Guest Blog: Debating Strategies to Reduce Sudden Cardiac Death in Athletes: Dr. Drezner Responds to Sports Cardiology Editorial

Mosterd, Senden, and, Engelfriet, authors of a recent editorial, (in Cardiovascular Prevention and Rehabilitation, April 2011) suggest strategies to reduce the occurrence of sudden cardiac death in athletes. They also comment on the limitations of routine prescreening of athletes.

The authors reference the seminal work of Drs. Corrado, Drezner, Basso, and Thiene that promotes preparticipation screening of young athletes and using an automated external defibrillator (AED) for prompt resuscitation of athletes suffering from cardiac arrest (1).

In today’s blog, Dr. Drezner responds to Mosterd, Senden, and, Engelfriet:

Their editorial is well reasoned and identifies many of the remaining issues about ECG screening.  Also, I appreciate the authors supporting the value of AEDs!

Nonetheless here are a few comments:

These authors (and others) have focused on the question of ‘mandatory’ ECG screening or not… as if ECG screening is not performed there is no sports physical or cardiovascular screen at all.  In most settings, the choice is not no screen or ECG screen, but limited screen (hx and phys) vs better/more sensitive screen (hx, phys, + ECG).  All recommendations for preparticipation cardiovascular screening (AHA, ACC, ESC, IOC, FIFA) agree that the objective of cardiovascular screening is to identify those at risk of SCD.  If we do not accomplish this well and meet our primary objective, we will never know or be able to research the subsequent question — whether early detection makes a difference.

In my opinion, based on disease-specific literature on HCM, LQTS, etc, as well as the Italian data, early detection and appropriate interventions should produce better outcomes and longer lives.  If early detection has no role, then we should not screen at all, even with hx and phys.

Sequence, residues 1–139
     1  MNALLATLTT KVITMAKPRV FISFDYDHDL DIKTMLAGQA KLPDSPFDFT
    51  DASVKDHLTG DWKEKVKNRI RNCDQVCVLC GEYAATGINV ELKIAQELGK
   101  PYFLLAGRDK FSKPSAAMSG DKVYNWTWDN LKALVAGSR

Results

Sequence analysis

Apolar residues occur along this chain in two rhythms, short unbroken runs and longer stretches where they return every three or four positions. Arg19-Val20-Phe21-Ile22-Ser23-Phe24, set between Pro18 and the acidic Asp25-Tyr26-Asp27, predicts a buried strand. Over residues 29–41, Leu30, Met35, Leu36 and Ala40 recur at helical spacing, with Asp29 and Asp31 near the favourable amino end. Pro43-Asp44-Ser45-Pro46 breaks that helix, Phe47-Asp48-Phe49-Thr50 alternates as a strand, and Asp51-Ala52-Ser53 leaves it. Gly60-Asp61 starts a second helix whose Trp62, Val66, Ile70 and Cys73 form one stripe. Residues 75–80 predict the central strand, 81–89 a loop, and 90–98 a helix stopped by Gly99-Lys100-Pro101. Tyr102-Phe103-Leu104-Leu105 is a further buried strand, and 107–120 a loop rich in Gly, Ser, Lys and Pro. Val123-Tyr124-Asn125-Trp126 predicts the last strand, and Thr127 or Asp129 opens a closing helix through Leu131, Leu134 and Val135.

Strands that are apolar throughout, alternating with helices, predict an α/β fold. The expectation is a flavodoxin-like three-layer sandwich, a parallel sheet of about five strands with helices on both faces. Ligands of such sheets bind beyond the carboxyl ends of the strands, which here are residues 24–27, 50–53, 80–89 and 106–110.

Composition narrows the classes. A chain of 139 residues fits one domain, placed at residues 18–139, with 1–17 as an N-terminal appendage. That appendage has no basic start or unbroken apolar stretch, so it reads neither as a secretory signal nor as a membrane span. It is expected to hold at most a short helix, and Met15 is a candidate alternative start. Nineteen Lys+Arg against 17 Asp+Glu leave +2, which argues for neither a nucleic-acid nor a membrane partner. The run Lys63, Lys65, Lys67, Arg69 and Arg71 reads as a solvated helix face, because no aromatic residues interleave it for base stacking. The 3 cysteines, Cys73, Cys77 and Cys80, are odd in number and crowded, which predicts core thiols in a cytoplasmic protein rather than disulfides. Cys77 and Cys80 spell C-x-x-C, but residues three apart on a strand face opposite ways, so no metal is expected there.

My June 2011, BJSM editorial, Incidence of sudden cardiac death in athletes: where did the science go?, about the Israel study is also relevant to this discussion.

Below is SCD incidence data from our NCAA study (2) .  The much higher incidence supports a more aggressive prevention program.  The incidence in male vs. female athletes was only 2.3 x’s greater (not the traditional 10 x’s that is based on registries that miss most of the cases).

NCAA athletes (2003-2008) = 1,994,962

45 cardiac-related deaths

Incidence = 1:43,000 per year

–          Male 1:33,000 / Female 1:76,000

–          Black 1:17,000 / White 1:58,000

–          Male/black 1:13,000

–          Male/basketball 1:7,000

1. Corrado D, Drezner JA, Basso C and Thiene G. Strategies for the prevention of sudden cardiac death during sports. Eur J Cardiovasc Prev Rehabil 2011.

2. Harmon K, Asif I, Klossner D, Drezner J. Incidence of Sudden Cardiac Death in NCAA Athletes. Circulation. 2011;123:1594-600.

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Dr. Jon Drezner is an Associate Professor at the Department of Family Medicine, University of Washington, Seattle, USA; Vice-President, American Medical Society for Sports Medicine; and Team Physician for the Seattle Seahawks & UW Huskies.

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